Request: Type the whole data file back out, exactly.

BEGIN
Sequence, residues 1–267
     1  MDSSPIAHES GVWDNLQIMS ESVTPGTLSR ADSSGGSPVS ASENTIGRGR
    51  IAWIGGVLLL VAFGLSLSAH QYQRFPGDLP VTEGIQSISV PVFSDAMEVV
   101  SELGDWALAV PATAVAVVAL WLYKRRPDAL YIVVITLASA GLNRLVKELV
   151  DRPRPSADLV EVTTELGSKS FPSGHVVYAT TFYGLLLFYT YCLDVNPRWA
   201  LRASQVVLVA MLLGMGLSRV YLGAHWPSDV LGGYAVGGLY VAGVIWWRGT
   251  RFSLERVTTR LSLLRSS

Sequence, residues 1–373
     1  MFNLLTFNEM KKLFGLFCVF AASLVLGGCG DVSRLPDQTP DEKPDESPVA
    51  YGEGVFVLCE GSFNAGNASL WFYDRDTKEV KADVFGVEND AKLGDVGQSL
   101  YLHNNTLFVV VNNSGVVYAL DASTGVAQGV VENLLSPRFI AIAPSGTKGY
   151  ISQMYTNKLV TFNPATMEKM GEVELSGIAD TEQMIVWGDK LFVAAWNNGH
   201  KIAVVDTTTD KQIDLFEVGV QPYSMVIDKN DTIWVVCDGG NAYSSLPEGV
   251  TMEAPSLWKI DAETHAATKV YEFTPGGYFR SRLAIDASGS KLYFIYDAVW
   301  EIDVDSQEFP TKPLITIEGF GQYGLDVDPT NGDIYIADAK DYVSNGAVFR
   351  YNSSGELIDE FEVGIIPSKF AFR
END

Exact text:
Sequence, residues 1–267
     1  MDSSPIAHES GVWDNLQIMS ESVTPGTLSR ADSSGGSPVS ASENTIGRGR
    51  IAWIGGVLLL VAFGLSLSAH QYQRFPGDLP VTEGIQSISV PVFSDAMEVV
   101  SELGDWALAV PATAVAVVAL WLYKRRPDAL YIVVITLASA GLNRLVKELV
   151  DRPRPSADLV EVTTELGSKS FPSGHVVYAT TFYGLLLFYT YCLDVNPRWA
   201  LRASQVVLVA MLLGMGLSRV YLGAHWPSDV LGGYAVGGLY VAGVIWWRGT
   251  RFSLERVTTR LSLLRSS

Sequence, residues 1–373
     1  MFNLLTFNEM KKLFGLFCVF AASLVLGGCG DVSRLPDQTP DEKPDESPVA
    51  YGEGVFVLCE GSFNAGNASL WFYDRDTKEV KADVFGVEND AKLGDVGQSL
   101  YLHNNTLFVV VNNSGVVYAL DASTGVAQGV VENLLSPRFI AIAPSGTKGY
   151  ISQMYTNKLV TFNPATMEKM GEVELSGIAD TEQMIVWGDK LFVAAWNNGH
   201  KIAVVDTTTD KQIDLFEVGV QPYSMVIDKN DTIWVVCDGG NAYSSLPEGV
   251  TMEAPSLWKI DAETHAATKV YEFTPGGYFR SRLAIDASGS KLYFIYDAVW
   301  EIDVDSQEFP TKPLITIEGF GQYGLDVDPT NGDIYIADAK DYVSNGAVFR
   351  YNSSGELIDE FEVGIIPSKF AFR